La Jolla Pharmaceuticals Co. launched Phase II trials of its lead drugfor treatment of lupus, a potentially deadly disease that affects morethan 1 million people in the U.S., most of them women.

"This a major milestone for us," said Joseph Stemler, chairman andCEO of the San Diego-based company. "It took us years to get here.We had good Phase I results and we're keeping our fingers crossed."

La Jolla's compound, LJP 394, was developed with the company'sTolerance Technology, which is designed to make molecules thatbind to the surface of B cells and shut off their production of disease-causing antibodies. LJP 394 targets antibodies to double-strandedDNA, which are believed to cause kidney disease, the main killer oflupus patients.

The Phase II trials will involve 60 patients in various stages of lupusat eight medical centers in the U.S. Endpoints include establishing adose range and frequency, showing additional safety data andassessing the drug's ability to prevent production of the doublestranded DNA antibodies.

Stemler said the company expects to have results from the Phase IItrials by the end of this year and hopes to begin Phase III studies in1996.

The most common form of treatments currently available for lupuspatients include steroids and cytotoxic drugs, which attack the entireimmune system and cause serious side effects.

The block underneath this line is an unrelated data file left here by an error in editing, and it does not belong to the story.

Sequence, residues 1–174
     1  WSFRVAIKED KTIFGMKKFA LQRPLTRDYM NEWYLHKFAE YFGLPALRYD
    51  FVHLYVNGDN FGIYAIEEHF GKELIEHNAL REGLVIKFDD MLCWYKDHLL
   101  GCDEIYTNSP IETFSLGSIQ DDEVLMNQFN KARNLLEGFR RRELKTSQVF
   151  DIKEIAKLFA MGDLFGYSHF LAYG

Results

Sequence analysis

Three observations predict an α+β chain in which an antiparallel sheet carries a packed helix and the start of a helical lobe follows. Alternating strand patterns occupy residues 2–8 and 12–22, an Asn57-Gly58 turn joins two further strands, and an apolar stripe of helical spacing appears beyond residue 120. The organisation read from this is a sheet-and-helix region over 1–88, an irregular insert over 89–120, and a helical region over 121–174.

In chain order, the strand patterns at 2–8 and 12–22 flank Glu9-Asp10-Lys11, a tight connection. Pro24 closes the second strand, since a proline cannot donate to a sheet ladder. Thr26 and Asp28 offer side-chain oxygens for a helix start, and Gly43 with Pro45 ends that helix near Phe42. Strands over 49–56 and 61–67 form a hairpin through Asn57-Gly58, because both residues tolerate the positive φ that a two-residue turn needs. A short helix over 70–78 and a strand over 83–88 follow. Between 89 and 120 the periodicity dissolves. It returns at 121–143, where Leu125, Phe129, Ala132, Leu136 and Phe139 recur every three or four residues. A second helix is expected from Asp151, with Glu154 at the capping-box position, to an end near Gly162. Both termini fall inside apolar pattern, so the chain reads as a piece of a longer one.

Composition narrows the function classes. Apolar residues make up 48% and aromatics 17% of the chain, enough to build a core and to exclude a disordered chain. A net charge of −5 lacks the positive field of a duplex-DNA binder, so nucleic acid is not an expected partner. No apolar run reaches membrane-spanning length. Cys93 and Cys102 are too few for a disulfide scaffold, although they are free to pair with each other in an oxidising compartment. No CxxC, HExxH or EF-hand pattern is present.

Stemler said La Jolla's Tolerance Technology enables LJP 394 totarget only the antibodies to double-stranded DNA.

Patients enrolled in the trials will continue to receive their currenttreatments as they receive La Jolla's compound. If LJP 394 issuccessful, Stemler said, the use of those therapies, such as steroids,will be reduced.

Anjie Rosga, health educator with the Lupus Foundation of Americain Rockville, Md., said between 1.4 million and 2 million people inthe U.S. have lupus and 90 percent are women.

Lupus is considered an autoimmune disease that results in a variety ofabnormalities. In addition to kidney failure, patients can suffer skinproblems, central nervous system disorders and arthritis.

La Jolla Pharmaceuticals (NASDAQ:LJPC) closed Tuesday at $3.37,down 6 cents. n

-- Charles Craig

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